It is 1865 and in a coastal village in southern England, Nell picks violets for a living. Set apart from her community because of the birthmarks that pepper her skin, Nell keeps her head down and her sights small: her world is her beloved brother and devotion to the sea.
Then, Jasper Jupiter’s Circus of Wonders arrives on the outskirts of the village. Nell keeps her distance, but the night after the circus has apparently left, she is kidnapped. Her father has sold her, promising Jasper Jupiter his very own leopard girl. It is the greatest betrayal of Nell’s life, but as she comes to know the other performers and Jasper’s quieter, gentler brother Toby, Nell begins to wonder if becoming part of the Circus of Wonders is the best thing that has ever happened to her.
Toby has always stuck to his brother’s side: the shadow to his brother’s luminous light. When Jasper served in the Crimean War, Toby followed with his camera, and they share a secret – hidden amongst the carnage of those battlefields – which binds them together.
But Toby is captivated by Nell. She has become Nellie Moon, the star of Jasper’s show. In London she is written up in the papers as the eighth wonder of the world, figurines are cast in her image, and crowds rush to watch her soar through the air.
But who gets to tell Nell’s story? And as she falls in love with Toby, can they plot their escape? As the world Jasper has created threatens to crash to the ground around him, Toby must decide where – finally – his loyalty lies.
Set in 1866 and exploring the Victorian obsession with the unnatural, Elizabeth Macneal’s Circus of Wonders is a mesmerising tale of wonder and beauty, and wielding power in search of success.
Speckled head to toe in birthmarks, flower picker Nellie isn’t considered special by anyone except her brother Charlie. She’s avoided, and cast aside. And when her drunken father sells her to a travelling troupe — Jasper Jupiter’s Circus of Wonders — she finds herself thrust into the spotlight, famous and desired. People come from all over to see her.
“The threshing machine, she thinks, as she’s lifted higher, as hands grip her waist, her legs, her hips, as she writhes and kicks and scratches. Her fury is a relief, that she can give into it at last and become exactly what they expect of her.”
Circus of Wonders explores the exertion of power, and what it means to use others for entertainment — for amusement. There’s no doubt that Jasper Jupiter is acting primarily in his own best interests. He cares about success and money, and he’ll use anyone he can to get it. Even his own brother, the downtrodden and despondent Toby.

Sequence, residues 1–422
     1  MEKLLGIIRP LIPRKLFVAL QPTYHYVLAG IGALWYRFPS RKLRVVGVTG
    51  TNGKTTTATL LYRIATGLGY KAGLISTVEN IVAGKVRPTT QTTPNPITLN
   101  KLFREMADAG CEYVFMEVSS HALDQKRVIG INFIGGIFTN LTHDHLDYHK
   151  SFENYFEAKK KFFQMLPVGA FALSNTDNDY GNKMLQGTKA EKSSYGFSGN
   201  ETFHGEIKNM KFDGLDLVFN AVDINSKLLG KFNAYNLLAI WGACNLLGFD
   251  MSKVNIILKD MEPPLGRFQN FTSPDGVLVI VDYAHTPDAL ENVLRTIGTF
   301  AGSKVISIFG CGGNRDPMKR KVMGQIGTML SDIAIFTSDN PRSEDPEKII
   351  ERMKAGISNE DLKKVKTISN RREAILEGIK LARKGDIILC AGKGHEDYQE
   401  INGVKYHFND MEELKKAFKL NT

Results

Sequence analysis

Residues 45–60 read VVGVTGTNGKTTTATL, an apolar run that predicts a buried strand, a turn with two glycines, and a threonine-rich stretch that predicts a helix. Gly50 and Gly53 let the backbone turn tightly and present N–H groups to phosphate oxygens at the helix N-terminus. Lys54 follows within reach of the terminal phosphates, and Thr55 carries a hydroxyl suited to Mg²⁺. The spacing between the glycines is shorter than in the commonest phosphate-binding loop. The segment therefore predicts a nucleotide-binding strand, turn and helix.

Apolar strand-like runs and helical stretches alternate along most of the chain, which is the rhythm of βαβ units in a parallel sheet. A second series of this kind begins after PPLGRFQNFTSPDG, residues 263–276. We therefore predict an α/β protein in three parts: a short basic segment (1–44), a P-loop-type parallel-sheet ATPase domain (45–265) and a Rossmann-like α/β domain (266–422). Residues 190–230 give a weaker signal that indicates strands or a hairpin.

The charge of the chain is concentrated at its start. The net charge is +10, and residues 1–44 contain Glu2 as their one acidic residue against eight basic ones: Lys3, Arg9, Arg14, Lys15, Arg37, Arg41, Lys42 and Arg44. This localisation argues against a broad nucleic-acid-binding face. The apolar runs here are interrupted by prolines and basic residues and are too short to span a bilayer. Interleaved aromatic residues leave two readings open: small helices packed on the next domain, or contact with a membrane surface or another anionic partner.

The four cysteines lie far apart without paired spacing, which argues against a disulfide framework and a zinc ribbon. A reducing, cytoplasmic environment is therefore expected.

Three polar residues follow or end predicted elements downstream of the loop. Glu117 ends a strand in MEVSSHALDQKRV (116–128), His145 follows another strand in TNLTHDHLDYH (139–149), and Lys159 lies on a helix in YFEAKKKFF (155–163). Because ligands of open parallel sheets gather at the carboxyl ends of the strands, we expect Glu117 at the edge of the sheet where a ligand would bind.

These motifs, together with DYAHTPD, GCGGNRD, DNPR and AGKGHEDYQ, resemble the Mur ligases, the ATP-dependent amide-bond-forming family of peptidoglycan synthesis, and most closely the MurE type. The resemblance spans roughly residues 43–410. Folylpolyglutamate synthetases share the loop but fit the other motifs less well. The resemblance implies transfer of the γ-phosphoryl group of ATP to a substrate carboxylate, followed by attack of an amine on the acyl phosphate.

In a novel with so many colourful characters, each one is crafted with depth and dimension. We keep pace with all of them, growing alongside them throughout the novel. Jasper and Toby, alike in backstory, are very different in personality and desire. You can see their paths diverge, as Jasper chases fame and desire to dangerous lengths, and Toby craves a safe home — to be loved and included.
Elizabeth captures the setting incredibly well, expertly bringing to life the squalor and poverty of the Victorian era, as well as the incessant desire to be something far greater than what you are. People may expect little of you, but that doesn’t mean you can’t rise above expectations and prove them all wrong.
“It occurred to Toby, too, that Dash couldn’t remember his name because Jasper never spoke of him; even the lowest underling at Toby’s old office knew all about Jasper. He lowered his head and cleared the area for his first photograph. The sky was so blue it hurt to see it.”
The story leaps from the page with exquisite characters and description. The progressive deterioration of Jasper’s hold on the circus is both frightening and engrossing to read.
Circus of Wonders gives a voice to a group of people from history who spent their lives being ridiculed — laughed at, stared at, and in some cases, maimed and prodded. Many readers will be familiar with P.T Barnum, and Circus of Wonders is set during a similar time frame. Whilst some of the description can be a bit long and in excess, those fascinated by magical, wondrous tales will find themselves absorbed in these pages.
“But in the bright dawn light, she finds herself frightened, unsure. She stares at the speckles across her legs and arms, then pulls on her trousers. In these new, fresh clothes she finds her marks itch less, her body less hot than before.”
Thank you to the publisher for mailing me a review copy in exchange for an honest review.
Circus of Wonders
Pan Macmillan Publishers